Definitions for "Memory cells"
After initial antigen stimulation, T cells and B cells proliferate and undergo morphological changes. Some become terminally differentiated effector cells (e.g. cytotoxic cells) while others revert to cells that are primed to respond to that particular antigen again. These memory cells are responsible for mounting a rapid secondary response to the antigen. B memory cells can live up to 10 years, while T cell memory is shorter.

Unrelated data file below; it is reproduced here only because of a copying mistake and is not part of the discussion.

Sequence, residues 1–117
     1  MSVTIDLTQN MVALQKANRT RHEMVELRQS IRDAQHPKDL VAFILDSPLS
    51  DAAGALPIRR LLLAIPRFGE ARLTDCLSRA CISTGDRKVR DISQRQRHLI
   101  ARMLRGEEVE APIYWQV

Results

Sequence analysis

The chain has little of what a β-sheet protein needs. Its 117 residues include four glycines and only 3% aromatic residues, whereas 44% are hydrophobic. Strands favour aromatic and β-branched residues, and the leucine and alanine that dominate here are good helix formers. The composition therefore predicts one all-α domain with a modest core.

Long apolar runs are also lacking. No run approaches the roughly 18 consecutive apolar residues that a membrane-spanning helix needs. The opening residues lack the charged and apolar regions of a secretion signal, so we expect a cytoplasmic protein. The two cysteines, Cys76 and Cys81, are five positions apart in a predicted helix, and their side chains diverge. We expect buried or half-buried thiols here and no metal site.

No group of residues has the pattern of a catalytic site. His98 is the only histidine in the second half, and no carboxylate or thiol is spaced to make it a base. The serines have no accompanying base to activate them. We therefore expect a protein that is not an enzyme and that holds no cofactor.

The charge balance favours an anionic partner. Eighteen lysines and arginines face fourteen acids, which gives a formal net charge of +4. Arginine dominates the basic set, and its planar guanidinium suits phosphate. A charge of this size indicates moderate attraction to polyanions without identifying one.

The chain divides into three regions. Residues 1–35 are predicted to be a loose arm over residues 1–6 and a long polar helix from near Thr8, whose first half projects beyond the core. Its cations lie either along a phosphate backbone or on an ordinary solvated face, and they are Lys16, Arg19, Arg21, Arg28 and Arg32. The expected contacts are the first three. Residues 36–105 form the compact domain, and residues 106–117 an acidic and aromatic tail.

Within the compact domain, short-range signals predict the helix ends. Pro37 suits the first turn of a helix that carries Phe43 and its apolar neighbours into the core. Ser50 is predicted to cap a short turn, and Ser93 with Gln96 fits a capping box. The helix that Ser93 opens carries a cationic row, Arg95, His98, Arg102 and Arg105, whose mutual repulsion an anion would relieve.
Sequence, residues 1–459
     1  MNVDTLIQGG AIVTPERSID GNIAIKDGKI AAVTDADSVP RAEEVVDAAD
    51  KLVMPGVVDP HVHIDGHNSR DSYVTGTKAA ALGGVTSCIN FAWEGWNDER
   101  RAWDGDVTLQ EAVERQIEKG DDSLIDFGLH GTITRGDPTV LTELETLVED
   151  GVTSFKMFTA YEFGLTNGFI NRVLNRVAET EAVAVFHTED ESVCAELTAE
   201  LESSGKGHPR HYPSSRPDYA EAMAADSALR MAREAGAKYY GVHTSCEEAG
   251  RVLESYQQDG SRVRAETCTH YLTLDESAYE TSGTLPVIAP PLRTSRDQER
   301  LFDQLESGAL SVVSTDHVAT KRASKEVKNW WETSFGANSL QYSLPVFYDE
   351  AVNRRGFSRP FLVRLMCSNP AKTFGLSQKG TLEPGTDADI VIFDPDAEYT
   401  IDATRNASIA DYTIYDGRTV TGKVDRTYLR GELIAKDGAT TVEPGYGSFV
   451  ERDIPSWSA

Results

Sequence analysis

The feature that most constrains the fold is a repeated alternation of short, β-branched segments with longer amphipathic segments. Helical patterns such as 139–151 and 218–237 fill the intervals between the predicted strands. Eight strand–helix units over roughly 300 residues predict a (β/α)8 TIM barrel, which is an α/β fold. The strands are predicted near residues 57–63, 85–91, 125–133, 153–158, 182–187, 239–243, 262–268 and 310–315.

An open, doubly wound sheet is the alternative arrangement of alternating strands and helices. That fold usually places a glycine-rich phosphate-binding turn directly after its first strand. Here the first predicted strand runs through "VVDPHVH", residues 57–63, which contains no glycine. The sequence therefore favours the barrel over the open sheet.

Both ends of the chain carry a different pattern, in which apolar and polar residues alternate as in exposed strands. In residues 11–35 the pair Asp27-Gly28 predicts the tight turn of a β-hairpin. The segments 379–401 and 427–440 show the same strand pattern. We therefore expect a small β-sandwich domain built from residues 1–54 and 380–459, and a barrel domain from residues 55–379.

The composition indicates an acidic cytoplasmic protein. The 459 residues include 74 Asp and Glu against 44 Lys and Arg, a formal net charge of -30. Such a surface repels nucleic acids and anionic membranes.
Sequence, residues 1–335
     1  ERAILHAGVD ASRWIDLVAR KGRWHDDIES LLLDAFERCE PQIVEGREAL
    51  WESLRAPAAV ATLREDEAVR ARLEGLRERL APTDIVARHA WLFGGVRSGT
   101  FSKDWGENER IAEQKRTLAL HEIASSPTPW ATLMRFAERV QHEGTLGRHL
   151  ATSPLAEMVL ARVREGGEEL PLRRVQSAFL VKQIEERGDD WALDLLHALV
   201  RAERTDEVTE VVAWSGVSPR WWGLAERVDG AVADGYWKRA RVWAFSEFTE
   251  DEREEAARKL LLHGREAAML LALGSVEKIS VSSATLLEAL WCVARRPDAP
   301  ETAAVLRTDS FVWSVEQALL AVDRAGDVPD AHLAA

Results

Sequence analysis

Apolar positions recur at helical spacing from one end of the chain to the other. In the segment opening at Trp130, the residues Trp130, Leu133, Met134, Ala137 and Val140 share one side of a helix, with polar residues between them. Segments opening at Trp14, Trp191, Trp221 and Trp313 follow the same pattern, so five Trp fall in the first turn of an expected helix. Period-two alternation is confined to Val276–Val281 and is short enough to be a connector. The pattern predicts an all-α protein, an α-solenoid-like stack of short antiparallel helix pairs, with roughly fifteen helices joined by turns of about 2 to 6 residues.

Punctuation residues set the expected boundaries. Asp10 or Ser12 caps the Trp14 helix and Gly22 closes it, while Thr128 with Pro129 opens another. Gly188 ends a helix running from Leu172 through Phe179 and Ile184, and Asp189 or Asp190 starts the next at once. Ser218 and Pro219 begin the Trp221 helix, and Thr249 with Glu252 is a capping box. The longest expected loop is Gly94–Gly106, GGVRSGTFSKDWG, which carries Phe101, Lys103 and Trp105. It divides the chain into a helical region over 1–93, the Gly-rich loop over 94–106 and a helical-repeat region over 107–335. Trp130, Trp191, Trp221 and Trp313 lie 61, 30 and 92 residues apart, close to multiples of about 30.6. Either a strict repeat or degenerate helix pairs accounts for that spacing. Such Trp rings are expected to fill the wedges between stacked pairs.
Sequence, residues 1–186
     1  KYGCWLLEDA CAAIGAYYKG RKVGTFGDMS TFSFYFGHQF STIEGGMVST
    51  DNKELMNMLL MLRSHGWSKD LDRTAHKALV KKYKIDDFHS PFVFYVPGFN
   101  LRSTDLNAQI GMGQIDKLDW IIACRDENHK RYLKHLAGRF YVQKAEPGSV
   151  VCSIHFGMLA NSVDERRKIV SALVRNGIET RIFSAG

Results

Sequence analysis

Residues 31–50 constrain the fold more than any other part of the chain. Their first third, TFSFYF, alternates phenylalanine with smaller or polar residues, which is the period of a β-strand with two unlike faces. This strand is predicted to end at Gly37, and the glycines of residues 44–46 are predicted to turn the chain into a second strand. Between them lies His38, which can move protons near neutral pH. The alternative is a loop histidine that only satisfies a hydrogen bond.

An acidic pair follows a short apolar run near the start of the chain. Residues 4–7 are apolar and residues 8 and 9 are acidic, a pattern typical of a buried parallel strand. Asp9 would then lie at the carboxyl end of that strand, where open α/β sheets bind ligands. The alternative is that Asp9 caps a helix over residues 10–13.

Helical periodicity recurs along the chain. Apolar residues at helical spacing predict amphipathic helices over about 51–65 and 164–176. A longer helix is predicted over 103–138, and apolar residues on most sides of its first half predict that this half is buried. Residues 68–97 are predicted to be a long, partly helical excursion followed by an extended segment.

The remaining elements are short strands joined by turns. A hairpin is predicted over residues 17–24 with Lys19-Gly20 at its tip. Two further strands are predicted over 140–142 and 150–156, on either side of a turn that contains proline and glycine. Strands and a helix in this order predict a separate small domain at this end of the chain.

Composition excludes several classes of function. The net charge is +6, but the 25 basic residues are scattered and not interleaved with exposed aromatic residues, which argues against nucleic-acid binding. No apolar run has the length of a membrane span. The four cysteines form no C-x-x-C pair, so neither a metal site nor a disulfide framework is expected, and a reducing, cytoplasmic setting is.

Long-lived lymphocytes produced by exposure to antigen. They persist in the body and are able to mount a rapid response to subsequent exposures to the antigen.
Lymphocytes that have previously responded to a specific antigenic stimulus. They survive for exceedingly long periods and can respond rapidly to the same antigen.